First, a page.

The religious liberty front in the culture war
Whether it was Indiana a few years ago or recent legislation in Georgia and Mississippi, secular progressives have decried as state-sanctioned discrimination any efforts to codify the right of religious Americans not to violate the tenets of their faith.
One expects as much from the usual suspects on the left. What has been a surprise is the outcry from business, which claims religious liberty legislation makes it difficult to hire the best workers.
This claim is dubious at best, as the freedom of religion clause in the First Amendment of the U.S. Constitution only applies to government, not corporations. Then there’s the absurd hypocrisy of companies like Disney, which makes movies in countries where homosexuality is a criminal offense.
Regardless, neither side is right.
Let’s face it. Conservatives have done a poor job at the politics of religious liberty in the aftermath of the Supreme Court’s ruling in Obergefell v. Hodges, which legalized gay marriage across the 50 states, the District of Columbia, and four of the five U.S. territories.
There aren’t many who actually argue clergymen should be compelled to perform the rites of a religious ceremony that goes against either their sincerely held beliefs or the doctrines of their religious sect.
However, the issue of gay marriage is much more complex.
With a number of professed Christian sects blessing or otherwise solemnizing gay marriage, it’s difficult for religious objectors to argue their position is the one, true Christian stance. It also doesn’t help when those who champion the traditional definition of marriage seem to turn a blind eye to remarrying heterosexual divorcees.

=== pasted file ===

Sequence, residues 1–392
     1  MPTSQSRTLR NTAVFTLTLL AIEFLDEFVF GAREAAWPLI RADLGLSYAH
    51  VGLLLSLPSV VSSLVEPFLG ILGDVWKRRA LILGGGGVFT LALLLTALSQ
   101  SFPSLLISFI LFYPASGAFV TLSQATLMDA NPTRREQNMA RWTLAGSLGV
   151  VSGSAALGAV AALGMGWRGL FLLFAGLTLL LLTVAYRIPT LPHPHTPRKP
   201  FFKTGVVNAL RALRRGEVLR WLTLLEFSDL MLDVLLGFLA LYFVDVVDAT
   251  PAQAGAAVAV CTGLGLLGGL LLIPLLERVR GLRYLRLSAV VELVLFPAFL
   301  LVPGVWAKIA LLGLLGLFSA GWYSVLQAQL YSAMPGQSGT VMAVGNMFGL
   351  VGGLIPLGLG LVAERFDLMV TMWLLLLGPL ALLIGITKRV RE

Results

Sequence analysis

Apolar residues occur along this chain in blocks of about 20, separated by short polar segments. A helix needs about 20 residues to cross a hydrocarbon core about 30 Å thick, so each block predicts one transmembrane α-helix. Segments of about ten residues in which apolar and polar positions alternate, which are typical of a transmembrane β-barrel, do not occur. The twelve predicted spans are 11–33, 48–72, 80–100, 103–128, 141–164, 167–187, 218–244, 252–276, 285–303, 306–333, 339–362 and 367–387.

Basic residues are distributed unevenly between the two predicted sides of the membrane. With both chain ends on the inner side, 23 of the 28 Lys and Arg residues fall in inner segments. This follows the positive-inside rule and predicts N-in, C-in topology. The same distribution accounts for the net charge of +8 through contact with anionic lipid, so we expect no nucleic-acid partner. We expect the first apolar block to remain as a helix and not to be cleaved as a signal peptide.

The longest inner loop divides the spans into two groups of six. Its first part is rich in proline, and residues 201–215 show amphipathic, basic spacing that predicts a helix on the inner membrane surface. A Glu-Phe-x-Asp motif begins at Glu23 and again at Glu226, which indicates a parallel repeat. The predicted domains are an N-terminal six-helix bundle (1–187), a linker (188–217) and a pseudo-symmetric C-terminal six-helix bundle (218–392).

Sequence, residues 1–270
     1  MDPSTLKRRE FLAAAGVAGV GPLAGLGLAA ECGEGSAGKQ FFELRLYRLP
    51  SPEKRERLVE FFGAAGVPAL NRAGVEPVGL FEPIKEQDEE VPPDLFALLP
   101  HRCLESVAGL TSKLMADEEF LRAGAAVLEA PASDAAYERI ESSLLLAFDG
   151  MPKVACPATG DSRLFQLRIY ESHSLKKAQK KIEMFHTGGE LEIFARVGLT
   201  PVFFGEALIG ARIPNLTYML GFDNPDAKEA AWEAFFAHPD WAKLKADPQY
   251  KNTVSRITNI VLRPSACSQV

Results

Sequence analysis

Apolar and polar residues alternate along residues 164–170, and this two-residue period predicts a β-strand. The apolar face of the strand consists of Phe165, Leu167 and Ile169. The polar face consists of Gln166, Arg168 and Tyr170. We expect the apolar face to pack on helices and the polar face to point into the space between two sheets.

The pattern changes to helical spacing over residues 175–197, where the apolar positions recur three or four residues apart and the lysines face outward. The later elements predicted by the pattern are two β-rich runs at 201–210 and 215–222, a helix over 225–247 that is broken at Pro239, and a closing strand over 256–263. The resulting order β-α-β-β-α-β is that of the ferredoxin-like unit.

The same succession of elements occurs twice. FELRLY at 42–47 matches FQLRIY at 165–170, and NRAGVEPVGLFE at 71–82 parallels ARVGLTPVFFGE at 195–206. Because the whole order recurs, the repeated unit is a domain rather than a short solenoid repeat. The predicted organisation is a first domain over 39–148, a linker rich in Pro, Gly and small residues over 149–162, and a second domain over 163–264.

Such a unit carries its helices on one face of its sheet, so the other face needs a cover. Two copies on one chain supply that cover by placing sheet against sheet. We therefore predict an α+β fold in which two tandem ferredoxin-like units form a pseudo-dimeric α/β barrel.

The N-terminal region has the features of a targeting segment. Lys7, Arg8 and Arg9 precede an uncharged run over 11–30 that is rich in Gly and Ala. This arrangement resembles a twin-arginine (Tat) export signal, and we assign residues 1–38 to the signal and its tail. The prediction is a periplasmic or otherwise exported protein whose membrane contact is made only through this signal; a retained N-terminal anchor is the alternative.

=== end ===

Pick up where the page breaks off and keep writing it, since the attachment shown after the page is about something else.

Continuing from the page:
But this debate goes far beyond gay marriage. The real question is: just where does religious liberty end?
For example, could a Muslim driver’s education instructor refuse female pupils, citing Wahhabbist clerics in Saudi Arabia? Then there’s the parish hall of a Christian church that is also rented out for secular uses. Could the congregation be compelled to rent its space to undesirable tenets?
There have even been cases on college campuses of overtly religious student groups being told they couldn’t deny membership to non-adherents of their faith.
In other countries — some touted so often by Democratic presidential candidate Bernie Sanders and others on the left — Christian women have been prohibited from wearing a cross around their neck and Muslim women have been told they can’t wear headscarves in public.
These are all real issues with no easy answers.
As more states adopt religious liberty legislation, it’s inevitable that the courts will be forced to wade in the murky waters of deciding exactly what constitutes a sincerely held belief or religious doctrine.
Dennis Lennox is a freelance columnist.